"It has helped raise the profile of the IT departments and what it can deliver," said Woods. "It raised the profile of public sector IT and helped bring in new skills. Council members now recognise the importance of IT."
A new generation of council business managers understand the role IT can play in transforming the way local services are delivered, he said.
That industry experts think IT departments can lead the efficiency push shows how far they have come in the past five years. The prime minister announced the e-government deadlines in 2000, just as the dotcom hype was reaching its peak. Back then, local authority IT was not renowned for its technological innovation, but many councils have since risen to the challenge.
"The response of many councils has been impressive," said Woods. "Some IT departments have tackled e-government with imagination despite limited resources."
Those that have succeeded so far will have a good basis for coping with the challenge of delivering efficiency savings as well.
Hitting the target: countdown to e-government in England
2000 Tony Blair announces that all government services will be available online by the end of 2005.
November 2001 Local authorities in England need to spend £2.13bn to meet the government's 2005 target for electronic service delivery, research from e-government specialist Kable finds. The study of English local authority Implementing Electronic Government statements also warns that councils could face a funding shortfall of £1.78bn as they strive to meet the 2005 e-services target.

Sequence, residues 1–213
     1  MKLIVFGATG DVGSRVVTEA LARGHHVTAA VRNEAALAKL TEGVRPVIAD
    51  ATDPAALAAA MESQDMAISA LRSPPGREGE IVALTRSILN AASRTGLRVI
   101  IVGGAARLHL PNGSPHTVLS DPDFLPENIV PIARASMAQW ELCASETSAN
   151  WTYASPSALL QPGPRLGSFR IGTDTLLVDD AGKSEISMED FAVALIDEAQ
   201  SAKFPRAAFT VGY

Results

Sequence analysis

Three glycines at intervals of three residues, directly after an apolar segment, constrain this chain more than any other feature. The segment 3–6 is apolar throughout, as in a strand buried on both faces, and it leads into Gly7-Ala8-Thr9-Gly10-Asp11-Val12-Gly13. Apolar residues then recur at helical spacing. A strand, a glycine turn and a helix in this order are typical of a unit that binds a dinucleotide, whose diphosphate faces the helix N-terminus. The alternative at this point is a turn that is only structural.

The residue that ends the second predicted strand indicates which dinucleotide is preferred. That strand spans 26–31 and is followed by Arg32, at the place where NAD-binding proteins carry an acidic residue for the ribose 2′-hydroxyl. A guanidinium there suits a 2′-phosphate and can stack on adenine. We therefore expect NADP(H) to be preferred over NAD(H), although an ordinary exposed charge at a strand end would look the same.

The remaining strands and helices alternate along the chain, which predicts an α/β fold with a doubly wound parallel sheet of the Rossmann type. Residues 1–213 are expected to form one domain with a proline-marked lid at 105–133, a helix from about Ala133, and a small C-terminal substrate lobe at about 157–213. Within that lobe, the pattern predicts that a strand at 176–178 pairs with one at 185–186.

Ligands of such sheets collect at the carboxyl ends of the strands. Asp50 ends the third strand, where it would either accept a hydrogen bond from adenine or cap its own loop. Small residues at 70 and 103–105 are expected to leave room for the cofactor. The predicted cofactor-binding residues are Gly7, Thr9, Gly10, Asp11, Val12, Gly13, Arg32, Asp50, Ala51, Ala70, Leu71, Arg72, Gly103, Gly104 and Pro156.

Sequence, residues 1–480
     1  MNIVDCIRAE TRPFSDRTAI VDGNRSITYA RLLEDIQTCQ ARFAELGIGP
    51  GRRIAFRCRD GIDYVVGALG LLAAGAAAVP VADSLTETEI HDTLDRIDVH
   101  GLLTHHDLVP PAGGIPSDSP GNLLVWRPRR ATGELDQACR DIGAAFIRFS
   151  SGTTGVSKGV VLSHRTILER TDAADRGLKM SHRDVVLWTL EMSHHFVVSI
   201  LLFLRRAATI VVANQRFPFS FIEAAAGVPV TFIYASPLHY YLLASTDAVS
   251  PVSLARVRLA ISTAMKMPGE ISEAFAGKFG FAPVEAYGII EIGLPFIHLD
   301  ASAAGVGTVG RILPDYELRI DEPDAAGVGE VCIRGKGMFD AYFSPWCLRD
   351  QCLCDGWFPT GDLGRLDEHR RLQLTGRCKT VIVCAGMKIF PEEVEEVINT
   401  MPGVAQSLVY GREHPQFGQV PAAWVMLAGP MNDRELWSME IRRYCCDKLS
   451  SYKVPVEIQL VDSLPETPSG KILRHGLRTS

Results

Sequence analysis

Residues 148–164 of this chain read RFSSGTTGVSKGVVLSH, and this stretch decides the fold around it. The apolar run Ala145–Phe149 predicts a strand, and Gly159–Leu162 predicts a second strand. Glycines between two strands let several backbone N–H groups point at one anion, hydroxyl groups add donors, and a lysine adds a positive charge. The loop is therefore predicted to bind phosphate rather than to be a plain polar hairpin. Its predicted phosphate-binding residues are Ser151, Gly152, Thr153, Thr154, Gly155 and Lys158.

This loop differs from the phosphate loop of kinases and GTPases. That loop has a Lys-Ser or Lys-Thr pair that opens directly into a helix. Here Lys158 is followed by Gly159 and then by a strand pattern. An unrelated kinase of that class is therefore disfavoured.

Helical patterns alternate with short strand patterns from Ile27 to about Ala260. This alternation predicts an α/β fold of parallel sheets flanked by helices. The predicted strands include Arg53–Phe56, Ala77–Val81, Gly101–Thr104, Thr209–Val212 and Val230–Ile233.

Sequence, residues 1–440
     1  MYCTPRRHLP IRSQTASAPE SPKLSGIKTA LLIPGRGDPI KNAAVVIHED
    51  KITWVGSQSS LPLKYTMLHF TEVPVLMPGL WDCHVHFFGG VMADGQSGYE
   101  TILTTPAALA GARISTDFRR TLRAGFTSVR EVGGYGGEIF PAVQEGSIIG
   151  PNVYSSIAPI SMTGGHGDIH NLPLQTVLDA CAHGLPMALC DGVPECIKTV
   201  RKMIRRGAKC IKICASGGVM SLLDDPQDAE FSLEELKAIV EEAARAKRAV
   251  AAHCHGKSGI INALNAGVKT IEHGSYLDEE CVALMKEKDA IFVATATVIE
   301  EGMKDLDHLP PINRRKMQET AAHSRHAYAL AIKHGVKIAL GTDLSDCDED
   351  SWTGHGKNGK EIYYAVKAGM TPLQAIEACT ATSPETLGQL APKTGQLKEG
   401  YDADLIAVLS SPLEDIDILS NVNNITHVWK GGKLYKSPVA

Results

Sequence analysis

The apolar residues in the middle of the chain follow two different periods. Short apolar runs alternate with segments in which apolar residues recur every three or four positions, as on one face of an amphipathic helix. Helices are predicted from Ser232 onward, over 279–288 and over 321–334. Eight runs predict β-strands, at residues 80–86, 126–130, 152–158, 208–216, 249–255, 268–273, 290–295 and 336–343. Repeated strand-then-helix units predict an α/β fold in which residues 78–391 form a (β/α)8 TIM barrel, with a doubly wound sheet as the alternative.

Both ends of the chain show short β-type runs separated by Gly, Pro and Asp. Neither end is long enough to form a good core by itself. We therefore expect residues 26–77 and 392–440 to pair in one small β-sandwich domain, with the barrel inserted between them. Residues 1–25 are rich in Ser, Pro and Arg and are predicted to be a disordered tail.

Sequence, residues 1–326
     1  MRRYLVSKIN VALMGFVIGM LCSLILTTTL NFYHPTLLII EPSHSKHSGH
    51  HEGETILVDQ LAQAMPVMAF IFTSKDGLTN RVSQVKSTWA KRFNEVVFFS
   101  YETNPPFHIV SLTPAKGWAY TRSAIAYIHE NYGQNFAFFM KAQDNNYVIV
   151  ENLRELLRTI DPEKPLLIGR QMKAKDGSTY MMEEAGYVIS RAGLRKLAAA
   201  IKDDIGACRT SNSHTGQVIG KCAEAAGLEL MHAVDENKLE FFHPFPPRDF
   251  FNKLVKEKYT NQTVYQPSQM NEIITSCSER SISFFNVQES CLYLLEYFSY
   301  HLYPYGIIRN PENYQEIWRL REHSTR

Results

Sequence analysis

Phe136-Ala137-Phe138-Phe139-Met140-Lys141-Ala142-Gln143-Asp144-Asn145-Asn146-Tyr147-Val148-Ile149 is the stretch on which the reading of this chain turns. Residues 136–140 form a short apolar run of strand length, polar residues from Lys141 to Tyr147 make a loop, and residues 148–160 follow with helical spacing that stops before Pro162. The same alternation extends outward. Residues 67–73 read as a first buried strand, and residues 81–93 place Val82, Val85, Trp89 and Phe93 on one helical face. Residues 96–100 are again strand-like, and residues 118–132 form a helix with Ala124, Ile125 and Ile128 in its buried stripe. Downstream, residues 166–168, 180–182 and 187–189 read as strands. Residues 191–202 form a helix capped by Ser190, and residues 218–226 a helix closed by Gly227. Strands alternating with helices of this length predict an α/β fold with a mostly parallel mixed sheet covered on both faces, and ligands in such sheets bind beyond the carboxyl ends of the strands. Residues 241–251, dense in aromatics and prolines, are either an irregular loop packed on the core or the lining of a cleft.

May 2002 Public sector IT managers group Socitm warns Whitehall must rationalise the planning and funding regime for local authority e-government. It also points out the contradiction between councils forced into competitive bidding for short-term pilot projects and the need for stable, long-term funding to roll out successful approaches.
January 2003 Take-up of local government online services will remain low for at least the next 10 years, a study by research firm ICM finds. The research reveals that only 7% of the UK population have contacted their local council using online services over the past 12 months, compared with 46% using the telephone.
December 2003 Blair struggles to convince councillors in local authorities of the value of e-government. A Socitm report reveals 40% of elected members feel e-government either distorts local priorities, cannot be cost-justified, or is not a priority.
February 2004 Newcastle Council declares it can provide electronic access to all its services 21 months ahead of schedule. The authority joins Birmingham Council and Tameside Council in meeting the December 2005 national deadline with time to spare.
May 2004 The Office of the Deputy Prime Minister reduces the number of mandatory e-government targets local authorities have to meet by the 2005 target. The policy document sets 14 minimum requirements for e-government, including basic CRM, greater use of websites by the general public to support self-service outside office hours, and support for teleworking by local authority staff.
July 2004 Every council in England gets £350,000 from central government to meet its e-government targets by the end of 2005.
February 2005 English local authorities will have to deliver £1.2bn in efficiency savings to pay for e-government investment, says local government minister Phil Hope. Hope also announces that English local authorities expect to meet the target of delivering 100% of services online by the end of the year.